You might be wondering, “Do I really need to have a schedule for my forklift?” The answer is a resounding yes. Having a consistent forklift maintenance schedule in place will offer you and your team many benefits.

While not a complete list, some of the benefits include:

  1. Improved productivity: when your forklift is in great shape, you can move more loads, increase production, and keep your operation schedule chugging along smoothly
  2. Decreased chance of breakdowns: reduce the amount of unplanned downtime and interruption in workflow
  3. Increased cost savings: just like your body, your forklift needs tender love and care (TLC). With TLC, your body works better, and you go to the doctor less often. The more you provide TLC to your forklift, the less time your lift will spend needing rehab, and the better it will serve you and your operation.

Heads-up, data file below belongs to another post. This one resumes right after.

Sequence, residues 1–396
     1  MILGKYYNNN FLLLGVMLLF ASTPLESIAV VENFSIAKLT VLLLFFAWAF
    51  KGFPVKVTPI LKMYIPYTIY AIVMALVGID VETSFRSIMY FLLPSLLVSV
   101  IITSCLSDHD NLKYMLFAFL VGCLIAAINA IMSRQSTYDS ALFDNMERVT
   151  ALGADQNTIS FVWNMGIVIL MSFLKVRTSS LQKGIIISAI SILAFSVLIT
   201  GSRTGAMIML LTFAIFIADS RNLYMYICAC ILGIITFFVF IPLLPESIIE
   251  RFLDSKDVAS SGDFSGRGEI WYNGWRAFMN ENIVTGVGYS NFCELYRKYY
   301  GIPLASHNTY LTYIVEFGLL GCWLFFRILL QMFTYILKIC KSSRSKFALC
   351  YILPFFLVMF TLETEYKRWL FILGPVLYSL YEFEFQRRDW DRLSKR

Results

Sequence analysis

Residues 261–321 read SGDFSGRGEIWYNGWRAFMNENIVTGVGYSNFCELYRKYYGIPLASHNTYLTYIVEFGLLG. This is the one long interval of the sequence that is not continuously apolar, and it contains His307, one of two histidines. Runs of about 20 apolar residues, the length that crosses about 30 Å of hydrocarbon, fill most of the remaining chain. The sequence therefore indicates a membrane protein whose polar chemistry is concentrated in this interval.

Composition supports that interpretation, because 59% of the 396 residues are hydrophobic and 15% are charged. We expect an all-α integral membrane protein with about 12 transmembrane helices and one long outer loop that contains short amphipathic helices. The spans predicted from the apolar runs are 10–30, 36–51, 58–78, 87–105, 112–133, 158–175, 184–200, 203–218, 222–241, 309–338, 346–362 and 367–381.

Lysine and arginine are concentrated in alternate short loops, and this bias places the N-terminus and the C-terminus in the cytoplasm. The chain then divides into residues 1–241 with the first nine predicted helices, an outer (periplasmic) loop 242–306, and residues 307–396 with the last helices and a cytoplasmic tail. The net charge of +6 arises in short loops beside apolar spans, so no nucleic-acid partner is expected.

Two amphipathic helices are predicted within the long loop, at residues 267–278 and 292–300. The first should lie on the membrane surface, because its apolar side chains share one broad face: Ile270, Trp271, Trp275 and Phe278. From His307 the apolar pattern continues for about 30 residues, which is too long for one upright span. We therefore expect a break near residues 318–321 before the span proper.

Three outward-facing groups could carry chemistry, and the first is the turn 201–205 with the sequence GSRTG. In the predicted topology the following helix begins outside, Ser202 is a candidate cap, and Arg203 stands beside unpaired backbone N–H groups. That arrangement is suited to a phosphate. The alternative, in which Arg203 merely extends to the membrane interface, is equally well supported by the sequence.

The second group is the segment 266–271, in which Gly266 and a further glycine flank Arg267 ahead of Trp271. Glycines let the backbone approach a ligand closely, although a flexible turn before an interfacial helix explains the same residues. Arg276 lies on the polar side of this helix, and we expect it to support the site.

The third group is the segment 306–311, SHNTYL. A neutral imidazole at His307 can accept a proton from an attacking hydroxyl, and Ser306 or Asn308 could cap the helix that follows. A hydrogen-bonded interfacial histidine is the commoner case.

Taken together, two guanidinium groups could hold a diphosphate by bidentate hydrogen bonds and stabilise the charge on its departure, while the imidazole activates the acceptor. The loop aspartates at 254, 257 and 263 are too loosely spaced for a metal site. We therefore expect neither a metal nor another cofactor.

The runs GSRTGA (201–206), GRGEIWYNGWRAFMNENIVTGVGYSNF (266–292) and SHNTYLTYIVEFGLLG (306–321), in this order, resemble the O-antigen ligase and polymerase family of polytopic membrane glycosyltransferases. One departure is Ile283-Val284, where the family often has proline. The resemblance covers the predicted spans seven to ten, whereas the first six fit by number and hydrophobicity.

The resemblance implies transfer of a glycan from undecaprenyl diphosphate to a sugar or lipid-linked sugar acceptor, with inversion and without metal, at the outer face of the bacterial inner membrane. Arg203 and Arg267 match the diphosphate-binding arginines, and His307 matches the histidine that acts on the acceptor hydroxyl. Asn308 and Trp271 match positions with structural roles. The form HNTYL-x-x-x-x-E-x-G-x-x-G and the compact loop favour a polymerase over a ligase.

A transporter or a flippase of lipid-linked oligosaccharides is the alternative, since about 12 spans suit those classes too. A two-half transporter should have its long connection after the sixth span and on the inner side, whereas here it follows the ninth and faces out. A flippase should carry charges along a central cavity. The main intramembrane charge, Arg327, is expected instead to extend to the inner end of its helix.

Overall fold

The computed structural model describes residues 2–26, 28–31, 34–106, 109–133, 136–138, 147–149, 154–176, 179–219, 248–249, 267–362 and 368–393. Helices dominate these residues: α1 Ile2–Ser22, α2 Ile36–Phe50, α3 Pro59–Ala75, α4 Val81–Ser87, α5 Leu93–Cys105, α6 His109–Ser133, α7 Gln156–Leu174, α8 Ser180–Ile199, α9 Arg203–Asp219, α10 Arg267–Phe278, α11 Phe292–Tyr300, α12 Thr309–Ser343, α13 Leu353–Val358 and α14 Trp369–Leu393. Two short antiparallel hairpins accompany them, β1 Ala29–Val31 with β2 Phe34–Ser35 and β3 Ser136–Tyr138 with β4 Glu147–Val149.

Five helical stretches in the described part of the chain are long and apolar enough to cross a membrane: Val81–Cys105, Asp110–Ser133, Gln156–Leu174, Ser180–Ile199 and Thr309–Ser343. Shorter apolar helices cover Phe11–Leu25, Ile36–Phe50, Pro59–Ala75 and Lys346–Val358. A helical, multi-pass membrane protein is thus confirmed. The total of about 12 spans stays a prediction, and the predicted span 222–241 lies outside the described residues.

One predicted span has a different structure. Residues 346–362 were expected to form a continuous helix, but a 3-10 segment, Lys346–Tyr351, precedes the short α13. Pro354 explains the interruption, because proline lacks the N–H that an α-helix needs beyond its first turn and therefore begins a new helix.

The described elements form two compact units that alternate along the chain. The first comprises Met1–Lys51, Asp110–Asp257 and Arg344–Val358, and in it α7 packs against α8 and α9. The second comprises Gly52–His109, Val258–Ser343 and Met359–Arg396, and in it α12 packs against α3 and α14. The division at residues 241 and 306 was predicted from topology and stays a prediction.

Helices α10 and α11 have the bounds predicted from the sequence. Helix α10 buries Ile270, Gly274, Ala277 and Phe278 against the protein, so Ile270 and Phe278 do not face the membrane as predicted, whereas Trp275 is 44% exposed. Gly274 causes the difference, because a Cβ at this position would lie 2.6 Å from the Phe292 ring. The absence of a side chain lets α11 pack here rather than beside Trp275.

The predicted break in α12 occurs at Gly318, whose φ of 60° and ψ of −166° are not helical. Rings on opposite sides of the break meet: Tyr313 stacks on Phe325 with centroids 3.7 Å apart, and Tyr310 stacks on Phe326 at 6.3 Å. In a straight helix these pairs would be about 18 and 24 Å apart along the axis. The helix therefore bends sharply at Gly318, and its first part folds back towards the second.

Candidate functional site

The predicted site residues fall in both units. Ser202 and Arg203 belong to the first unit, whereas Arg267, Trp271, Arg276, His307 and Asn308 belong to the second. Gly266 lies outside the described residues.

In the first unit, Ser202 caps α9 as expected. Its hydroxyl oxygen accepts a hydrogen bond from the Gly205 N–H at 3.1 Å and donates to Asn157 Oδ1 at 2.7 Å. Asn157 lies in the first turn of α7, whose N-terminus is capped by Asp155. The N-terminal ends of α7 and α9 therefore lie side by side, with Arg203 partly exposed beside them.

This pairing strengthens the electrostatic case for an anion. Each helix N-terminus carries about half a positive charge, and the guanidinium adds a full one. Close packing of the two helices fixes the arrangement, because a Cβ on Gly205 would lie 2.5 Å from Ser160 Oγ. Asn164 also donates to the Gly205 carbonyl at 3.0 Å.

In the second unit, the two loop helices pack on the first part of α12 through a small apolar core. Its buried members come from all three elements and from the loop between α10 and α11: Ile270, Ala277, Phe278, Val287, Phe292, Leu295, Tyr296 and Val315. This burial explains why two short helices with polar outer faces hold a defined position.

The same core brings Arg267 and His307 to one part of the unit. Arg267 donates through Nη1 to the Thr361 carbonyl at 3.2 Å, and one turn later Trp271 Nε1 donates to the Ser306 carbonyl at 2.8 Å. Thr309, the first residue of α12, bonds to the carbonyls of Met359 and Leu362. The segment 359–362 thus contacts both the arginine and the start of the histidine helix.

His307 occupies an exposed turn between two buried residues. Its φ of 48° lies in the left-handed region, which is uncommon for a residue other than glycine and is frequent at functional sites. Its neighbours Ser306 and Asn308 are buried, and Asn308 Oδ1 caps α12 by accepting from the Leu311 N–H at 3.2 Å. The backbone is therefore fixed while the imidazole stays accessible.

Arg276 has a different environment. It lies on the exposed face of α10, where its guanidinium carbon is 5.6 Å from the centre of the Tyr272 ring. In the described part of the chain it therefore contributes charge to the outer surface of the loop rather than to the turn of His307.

4. Safer work conditions and better team morale: better onsite safety will reduce the likelihood of an equipment failure. Your team will appreciate the time you took to care for their safety and well-being. Increased safety will also help boost company morale.
  5. Longer equipment lifespan: You’ll maximize the shelf life of your forklift by keeping it regularly serviced. With frequent maintenance, there’s no reason your forklift shouldn’t be able to operate for 10,000 operation hours (or about five years).

How often does a forklift require maintenance?

It depends. Factors such as the number of operation hours, the mechanical condition, precise damage done to, and the servicing history conducted on the forklift play into how often a forklift requires maintenance.

Plus, forklift servicing will vary from company to company, depending on which terrain you tend to use your forklift and on how your operators and technicians operate the forklift.

In general, though, we recommend a daily, monthly, and semi-annual forklift maintenance schedule for most forklifts in operation.

Daily forklift maintenance

OSHA is pretty thorough with its safety schedules. They conveniently provide comprehensive checklists for maintaining industrial-powered trucks. If you don’t feel like reading through the entire checklist, we can explain the main points.